Buddha/Pali Tipitaka as the only Teacher?

A discussion on all aspects of Theravāda Buddhism
SamKR
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Buddha/Pali Tipitaka as the only Teacher?

Postby SamKR » Sun Jul 19, 2009 6:04 pm

Hi Everybody,

Do you think it is a good idea to consider the Buddha as my only teacher and try to follow exactly according to his words (Pali Tipitaka, especially Sutta Pitaka) and nothing else.

I was born in a Hindu family, so I still have to be involved in Hindu culture. But for almost 10 years I have been "trying" to follow the Buddha's teachings. I have been introduced to the Buddha's life and basic teachings since childhood but I came to recognize the profundity of the teaching only after taking a ten day Vipassana course in Goenkaji's tradition.

Recently I have decided not to follow any specific tradition, technique, or modern teacher but to follow exactly according to what the Buddha said (recorded in Pali Tipitaka). I am not against any teacher, tradition or technique but I felt why should I follow others when the instructions of the supreme Buddha himself is available. Maybe I will need someone's help only when I need to interpret some part of Pali teachings correctly, or when I have some unique meditative experience which I want to be explained. Only in such cases I would like to consult not one but many teachers, traditions or scholars, but still I would not be committed to any single teacher or tradition except the Buddha and his original words.

Is my decision wholesome? I would like to read your comments and suggestions.
Thanks.
Last edited by SamKR on Mon Jul 20, 2009 11:16 pm, edited 3 times in total.

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kc2dpt
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Re: Buddha/Pali Tipitaka as the only Teacher?

Postby kc2dpt » Sun Jul 19, 2009 7:49 pm

Which Buddha's words? The Pali scriptures? The Chinese scriptures? The Tibetan scriptures? Pick one and you've already chosen a tradition.

Which translator? Pick one you've chosen that translator's tradition.

Going to do the translation yourself? Who's dictionary are you going to use?

The truth is you do not have access to the Buddha as your only teacher. The Buddha is long dead and his teachings have passed through the hands of many people since.
- Peter


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clw_uk
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Re: Buddha/Pali Tipitaka as the only Teacher?

Postby clw_uk » Sun Jul 19, 2009 7:54 pm

Unbowed, Unbent, Unbroken

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kc2dpt
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Re: Buddha/Pali Tipitaka as the only Teacher?

Postby kc2dpt » Sun Jul 19, 2009 8:05 pm

My last post is part 1. Here's part 2.

Every teacher and every tradition believes they are teaching what the Buddha really taught. Many hundreds of years and many thousands of minds went into what you have before you. For what reason do you reject all this effort? For what reason do you believe you can do a better job, thousands of years later and with no experience or insight? I think it pays to examine this wish in case there is unwholesome qualities underlying it, like ego or pride or stubbornness.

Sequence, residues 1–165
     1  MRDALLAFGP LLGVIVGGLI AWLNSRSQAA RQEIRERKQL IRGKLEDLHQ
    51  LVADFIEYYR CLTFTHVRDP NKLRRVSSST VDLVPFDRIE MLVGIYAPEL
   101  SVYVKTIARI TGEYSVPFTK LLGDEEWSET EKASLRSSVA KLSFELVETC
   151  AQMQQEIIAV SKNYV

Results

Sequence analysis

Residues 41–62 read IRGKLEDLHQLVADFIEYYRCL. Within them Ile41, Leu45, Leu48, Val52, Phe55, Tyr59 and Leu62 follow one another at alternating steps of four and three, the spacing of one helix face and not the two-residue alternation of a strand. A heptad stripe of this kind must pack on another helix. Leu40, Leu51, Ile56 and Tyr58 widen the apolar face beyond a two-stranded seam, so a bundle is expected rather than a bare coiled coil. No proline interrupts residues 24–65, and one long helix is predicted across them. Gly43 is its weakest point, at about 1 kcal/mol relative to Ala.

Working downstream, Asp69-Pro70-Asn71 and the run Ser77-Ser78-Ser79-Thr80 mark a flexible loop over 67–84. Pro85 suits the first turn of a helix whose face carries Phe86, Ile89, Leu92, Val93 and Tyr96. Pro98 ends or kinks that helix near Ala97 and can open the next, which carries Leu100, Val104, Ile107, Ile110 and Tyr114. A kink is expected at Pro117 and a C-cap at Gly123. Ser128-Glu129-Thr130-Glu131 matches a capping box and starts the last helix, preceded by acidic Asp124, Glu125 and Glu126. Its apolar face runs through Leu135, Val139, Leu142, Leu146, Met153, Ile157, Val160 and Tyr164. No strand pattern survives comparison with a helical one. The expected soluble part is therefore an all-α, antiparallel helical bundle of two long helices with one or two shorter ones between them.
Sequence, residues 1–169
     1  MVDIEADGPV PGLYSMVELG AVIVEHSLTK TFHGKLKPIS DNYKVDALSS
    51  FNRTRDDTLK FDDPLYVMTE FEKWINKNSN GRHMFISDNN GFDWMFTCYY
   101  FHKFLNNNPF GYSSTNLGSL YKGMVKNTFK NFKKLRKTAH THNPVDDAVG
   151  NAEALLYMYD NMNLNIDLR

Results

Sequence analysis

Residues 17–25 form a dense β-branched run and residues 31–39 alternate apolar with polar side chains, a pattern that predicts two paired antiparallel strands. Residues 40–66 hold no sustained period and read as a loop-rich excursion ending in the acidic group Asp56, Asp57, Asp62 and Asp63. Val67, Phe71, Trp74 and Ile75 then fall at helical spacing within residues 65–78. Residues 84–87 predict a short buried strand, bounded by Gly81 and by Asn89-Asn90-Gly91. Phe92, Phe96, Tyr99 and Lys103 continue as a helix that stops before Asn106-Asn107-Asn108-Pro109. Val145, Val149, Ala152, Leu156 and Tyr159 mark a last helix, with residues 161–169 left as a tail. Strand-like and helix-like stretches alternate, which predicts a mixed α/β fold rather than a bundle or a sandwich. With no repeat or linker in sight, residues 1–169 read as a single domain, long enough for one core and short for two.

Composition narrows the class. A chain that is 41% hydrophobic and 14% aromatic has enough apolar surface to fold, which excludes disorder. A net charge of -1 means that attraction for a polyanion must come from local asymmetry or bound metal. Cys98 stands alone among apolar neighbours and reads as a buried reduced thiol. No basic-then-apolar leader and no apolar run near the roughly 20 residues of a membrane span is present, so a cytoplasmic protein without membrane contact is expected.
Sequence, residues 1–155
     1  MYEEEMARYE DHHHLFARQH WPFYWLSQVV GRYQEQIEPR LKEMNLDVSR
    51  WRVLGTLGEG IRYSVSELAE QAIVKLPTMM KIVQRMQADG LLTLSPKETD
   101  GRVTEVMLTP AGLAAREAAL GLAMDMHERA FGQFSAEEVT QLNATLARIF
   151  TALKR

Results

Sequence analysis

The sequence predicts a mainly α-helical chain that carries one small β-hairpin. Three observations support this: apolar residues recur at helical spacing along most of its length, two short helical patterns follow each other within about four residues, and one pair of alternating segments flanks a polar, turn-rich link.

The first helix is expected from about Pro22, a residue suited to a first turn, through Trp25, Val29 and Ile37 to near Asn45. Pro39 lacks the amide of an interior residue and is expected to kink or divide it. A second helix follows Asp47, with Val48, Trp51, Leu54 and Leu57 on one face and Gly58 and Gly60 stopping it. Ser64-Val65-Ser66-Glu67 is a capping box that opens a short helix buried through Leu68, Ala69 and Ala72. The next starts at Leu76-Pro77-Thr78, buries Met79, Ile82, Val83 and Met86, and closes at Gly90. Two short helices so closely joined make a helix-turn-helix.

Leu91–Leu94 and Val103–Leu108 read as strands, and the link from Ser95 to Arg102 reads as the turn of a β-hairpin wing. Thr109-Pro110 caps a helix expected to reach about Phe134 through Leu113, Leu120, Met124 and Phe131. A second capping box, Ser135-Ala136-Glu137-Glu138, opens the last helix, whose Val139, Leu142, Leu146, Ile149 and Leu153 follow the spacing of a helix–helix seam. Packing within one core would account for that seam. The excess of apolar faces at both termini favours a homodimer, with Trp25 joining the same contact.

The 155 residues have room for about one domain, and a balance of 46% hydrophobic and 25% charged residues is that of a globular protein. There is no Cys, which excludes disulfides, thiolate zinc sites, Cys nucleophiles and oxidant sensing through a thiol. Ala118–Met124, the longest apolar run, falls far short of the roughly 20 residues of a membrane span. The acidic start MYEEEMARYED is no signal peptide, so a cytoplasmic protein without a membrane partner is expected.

- Peter


nathan
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Re: Buddha/Pali Tipitaka as the only Teacher?

Postby nathan » Sun Jul 19, 2009 8:40 pm

But whoever walking, standing, sitting, or lying down overcomes thought, delighting in the stilling of thought: he's capable, a monk like this, of touching superlative self-awakening. § 110. {Iti 4.11; Iti 115}

SamKR
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Re: Buddha/Pali Tipitaka as the only Teacher?

Postby SamKR » Sun Jul 19, 2009 9:08 pm

I think I could not really explain clearly what I wanted to ask.

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cooran
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Re: Buddha/Pali Tipitaka as the only Teacher?

Postby cooran » Sun Jul 19, 2009 9:45 pm

Hello SamKR,

I was like you for many years, practising on my own, and using the internet and books. I know it must be difficult when your famiy follow another religious faith - but the Buddha taught respect for all religions. My family are Christian and some of them barely tolerate my devotion to the Buddha.

But I came to realise that the Buddha was right when he stated that you cannot do this practice alone - that having admirable friends (those more advanced on the Path) is the whole of the holy life. Even if you are only able to go to a respected teacher for a retreat once a year, you should plan for this.

Upaddha Sutta: Half (of the Holy Life)
I have heard that on one occasion the Blessed One was living among the Sakyans. Now there is a Sakyan town named Sakkara. There Ven. Ananda went to the Blessed One and, on arrival, having bowed down to the Blessed One, sat to one side. As he was sitting there, Ven. Ananda said to the Blessed One, "This is half of the holy life, lord: admirable friendship, admirable companionship, admirable camaraderie."1
"Don't say that, Ananda. Don't say that. Admirable friendship, admirable companionship, admirable camaraderie is actually the whole of the holy life. When a monk has admirable people as friends, companions, & comrades, he can be expected to develop & pursue the noble eightfold path.
"And how does a monk who has admirable people as friends, companions, & comrades, develop & pursue the noble eightfold path? There is the case where a monk develops right view dependent on seclusion, dependent on dispassion, dependent on cessation, resulting in relinquishment. He develops right resolve ... right speech ... right action ... right livelihood ... right effort ... right mindfulness ... right concentration dependent on seclusion, dependent on dispassion, dependent on cessation, resulting in relinquishment. This is how a monk who has admirable people as friends, companions, & colleagues, develops & pursues the noble eightfold path.